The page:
Jack Paar, cutting it up with Judy Garland, kept the nation wide awake, late night

Rodgers and Hammerstein created Cinderella for television, seen by 107 million viewers.

 "A celebration of 1950s TV"

Westerns dominated TV screens through the late1950s.  The cast of Gunsmoke.

Eddie, left, and John Glen, on Name That Tune, discuss the Russian launch of Sputnik into space only three hours after it happened, in 1958.

"Captures the flavor of the times"

The "Kitchen Debate" in Moscow, 1959, between Richard Nixon, right, and Nikita Khrushchev, seen on Face the Nation.
Rod Serling's Twilight Zone:  The Eye of the Beholder.

"Travel through time ... 
The special attraction of Prime Time Rising lies in its ability to retain and maintain a vividly engrossing atmosphere throughout"
 --- Midwest Book Review

All of the great moments are there!
Read about and and see about them in
Prime Time Rising: Growing Up at the Dawn of Television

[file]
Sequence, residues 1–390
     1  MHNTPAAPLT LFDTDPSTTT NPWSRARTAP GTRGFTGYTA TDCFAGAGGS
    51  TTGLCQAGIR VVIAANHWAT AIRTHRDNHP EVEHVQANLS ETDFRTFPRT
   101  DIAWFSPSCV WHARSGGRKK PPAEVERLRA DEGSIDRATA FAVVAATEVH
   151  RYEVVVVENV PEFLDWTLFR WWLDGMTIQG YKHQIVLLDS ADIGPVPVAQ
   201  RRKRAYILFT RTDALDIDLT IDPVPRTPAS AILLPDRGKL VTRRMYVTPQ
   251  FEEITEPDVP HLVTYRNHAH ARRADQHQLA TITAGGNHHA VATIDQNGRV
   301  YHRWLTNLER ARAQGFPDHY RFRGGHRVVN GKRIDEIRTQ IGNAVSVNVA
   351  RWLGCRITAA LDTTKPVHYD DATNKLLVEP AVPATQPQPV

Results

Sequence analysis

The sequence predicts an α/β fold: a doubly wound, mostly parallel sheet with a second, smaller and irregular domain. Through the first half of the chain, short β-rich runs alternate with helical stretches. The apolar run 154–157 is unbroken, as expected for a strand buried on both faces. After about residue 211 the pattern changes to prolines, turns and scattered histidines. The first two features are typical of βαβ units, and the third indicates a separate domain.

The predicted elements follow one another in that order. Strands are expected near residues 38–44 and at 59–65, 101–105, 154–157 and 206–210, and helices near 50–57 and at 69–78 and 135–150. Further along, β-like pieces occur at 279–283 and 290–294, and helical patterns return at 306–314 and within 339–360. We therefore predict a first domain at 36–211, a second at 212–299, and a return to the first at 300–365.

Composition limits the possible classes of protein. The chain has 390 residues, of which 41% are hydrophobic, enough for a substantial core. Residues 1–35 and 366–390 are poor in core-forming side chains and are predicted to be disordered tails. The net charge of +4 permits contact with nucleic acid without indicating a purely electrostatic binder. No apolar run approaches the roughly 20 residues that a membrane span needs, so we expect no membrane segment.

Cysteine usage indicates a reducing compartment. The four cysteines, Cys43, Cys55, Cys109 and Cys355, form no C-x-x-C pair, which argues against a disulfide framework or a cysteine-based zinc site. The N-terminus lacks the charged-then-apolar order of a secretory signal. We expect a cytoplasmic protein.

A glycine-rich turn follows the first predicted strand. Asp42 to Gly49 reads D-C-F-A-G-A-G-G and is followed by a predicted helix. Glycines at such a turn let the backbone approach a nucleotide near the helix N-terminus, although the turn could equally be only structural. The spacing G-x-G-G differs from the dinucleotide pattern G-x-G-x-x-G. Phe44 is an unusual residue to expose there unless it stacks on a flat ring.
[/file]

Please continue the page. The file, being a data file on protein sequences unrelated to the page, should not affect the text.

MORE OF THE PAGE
Can you name key events in Ringling history in the years
1907, 1937, 1947, 1957, 1967, 2007, 2017?


Tuesday, November 13, 2018

The Morning Midway: Kelly Miller Plots 2019; Bella Blossoms into Tent Status; Big Apple Sued, Website Turns Yellow ...

Ominous: Big Apple Circus in the yellow, or is it my computer?

   THIS IS NOT A HAPPY DAY.   I'm cooped up on a tragic California afternoon, when so much is on fire, up north and down south, splashes of sunshine against my large window gracing me from the unhealthy air out there.  I’ll skip the afternoon walk, and let this one roll, and turn the TV back on.  I marvel over the heroism of the fire fighters, by the thousands displaced, taking it on the chin, so many and maybe all being extra good to each other, knowing what means the most in life, the old and the young bringing tears to my eyes. A whole town, gone. Others in the balance, forever, I fear. 

    WHAT MOVED ME to this keyboard was a You Tube I chanced upon featuring clips  from the Big Apple Circus’s Grand Tour of 2015.  What a feast of tent-filling action.  This is what I live for.  Inventive all over. Lots of movement.  No wonder the New York Times raved. I offer it to you below.